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The ResurrectionAn Interdisciplinary Symposium on the Resurrection of Jesus$
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Stephen T. Davis, Daniel Kendall, and Gerald O'Collins

Print publication date: 1998

Print ISBN-13: 9780198269854

Published to Oxford Scholarship Online: November 2003

DOI: 10.1093/0198269854.001.0001

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Life After Death: The Social Sources Alinean F. Segal

Life After Death: The Social Sources Alinean F. Segal

Chapter:
(p.90) 5 Life After Death: The Social Sources Alinean F. Segal
Source:
The Resurrection
Author(s):

Alan F. Segal

Publisher:
Oxford University Press
DOI:10.1093/0198269854.003.0005

The paper sketches the history of expressions of resurrection in biblical thought. Particularly important for the development of the notion of resurrection are Jewish millennialist movements like that which produced Daniel 12, subjected to martyrdom, which in turn serves as a focal point for the discussion of God's mercy and justice. As opposed to the young men in millenarian movements who lose their lives as martyrs in the expectation of bodily restoration at the end of time, Hellenized Jewish intellectuals embraced the Platonic notion of the immortality of the soul in order to express continuity of consciousness after death—a very intellectual hope. The martyrdom context is crucial for understanding the expectation of Jesus’ resurrection among his followers. Although both rabbinic Judaism and early Christianity affirm resurrection strongly, they eventually both subsume cocnepts of immortality of the soul, each in its own way and in stark contradiction to each other.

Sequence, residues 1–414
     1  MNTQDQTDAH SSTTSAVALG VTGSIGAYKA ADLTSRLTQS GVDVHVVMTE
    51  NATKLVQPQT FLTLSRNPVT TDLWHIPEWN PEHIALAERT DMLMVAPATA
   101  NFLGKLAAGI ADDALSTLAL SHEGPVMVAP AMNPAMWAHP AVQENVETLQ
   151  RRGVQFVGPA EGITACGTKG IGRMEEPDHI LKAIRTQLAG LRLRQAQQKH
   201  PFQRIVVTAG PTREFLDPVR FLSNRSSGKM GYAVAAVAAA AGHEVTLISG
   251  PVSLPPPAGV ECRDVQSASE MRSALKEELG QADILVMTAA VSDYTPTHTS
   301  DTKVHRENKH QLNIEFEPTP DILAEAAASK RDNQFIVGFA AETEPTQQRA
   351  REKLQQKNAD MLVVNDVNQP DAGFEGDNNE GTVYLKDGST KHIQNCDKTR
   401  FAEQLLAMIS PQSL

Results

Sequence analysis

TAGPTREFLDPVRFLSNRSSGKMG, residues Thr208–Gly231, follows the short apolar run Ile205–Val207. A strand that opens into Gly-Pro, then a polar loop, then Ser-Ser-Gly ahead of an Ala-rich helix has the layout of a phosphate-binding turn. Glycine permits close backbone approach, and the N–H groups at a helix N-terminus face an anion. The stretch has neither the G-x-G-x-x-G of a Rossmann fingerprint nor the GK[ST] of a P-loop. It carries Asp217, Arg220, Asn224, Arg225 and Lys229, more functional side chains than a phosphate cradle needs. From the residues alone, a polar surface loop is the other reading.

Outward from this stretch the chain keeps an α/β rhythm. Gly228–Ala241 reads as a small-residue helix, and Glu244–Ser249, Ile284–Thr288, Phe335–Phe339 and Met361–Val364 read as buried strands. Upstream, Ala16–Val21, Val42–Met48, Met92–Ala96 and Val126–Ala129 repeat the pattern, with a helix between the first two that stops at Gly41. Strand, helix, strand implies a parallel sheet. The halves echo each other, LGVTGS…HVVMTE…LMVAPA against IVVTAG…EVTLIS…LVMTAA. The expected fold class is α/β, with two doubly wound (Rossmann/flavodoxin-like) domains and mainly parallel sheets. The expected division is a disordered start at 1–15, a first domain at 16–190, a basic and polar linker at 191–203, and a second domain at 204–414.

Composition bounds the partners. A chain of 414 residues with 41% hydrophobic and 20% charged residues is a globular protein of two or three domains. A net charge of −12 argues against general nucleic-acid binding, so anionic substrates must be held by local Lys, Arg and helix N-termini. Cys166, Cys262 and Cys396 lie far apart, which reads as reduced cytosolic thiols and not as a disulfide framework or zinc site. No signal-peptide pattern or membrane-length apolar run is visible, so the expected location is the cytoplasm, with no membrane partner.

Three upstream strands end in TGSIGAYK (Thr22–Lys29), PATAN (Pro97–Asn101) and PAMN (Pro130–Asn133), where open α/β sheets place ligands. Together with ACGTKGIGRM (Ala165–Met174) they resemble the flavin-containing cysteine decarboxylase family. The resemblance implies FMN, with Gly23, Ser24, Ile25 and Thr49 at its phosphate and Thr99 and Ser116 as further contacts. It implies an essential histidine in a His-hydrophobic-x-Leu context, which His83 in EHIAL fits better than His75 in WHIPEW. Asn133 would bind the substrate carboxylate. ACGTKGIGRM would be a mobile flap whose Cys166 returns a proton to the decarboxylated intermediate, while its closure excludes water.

Keywords:   biblical thought, continuity of consciousness, expressions of resurrection, God's justice, God's mercy, Hellenized Jewish intellectuals, immortality of the soul, intellectual hope, Jewish millennialist movements, martyrdom, Platonic notion, Segal

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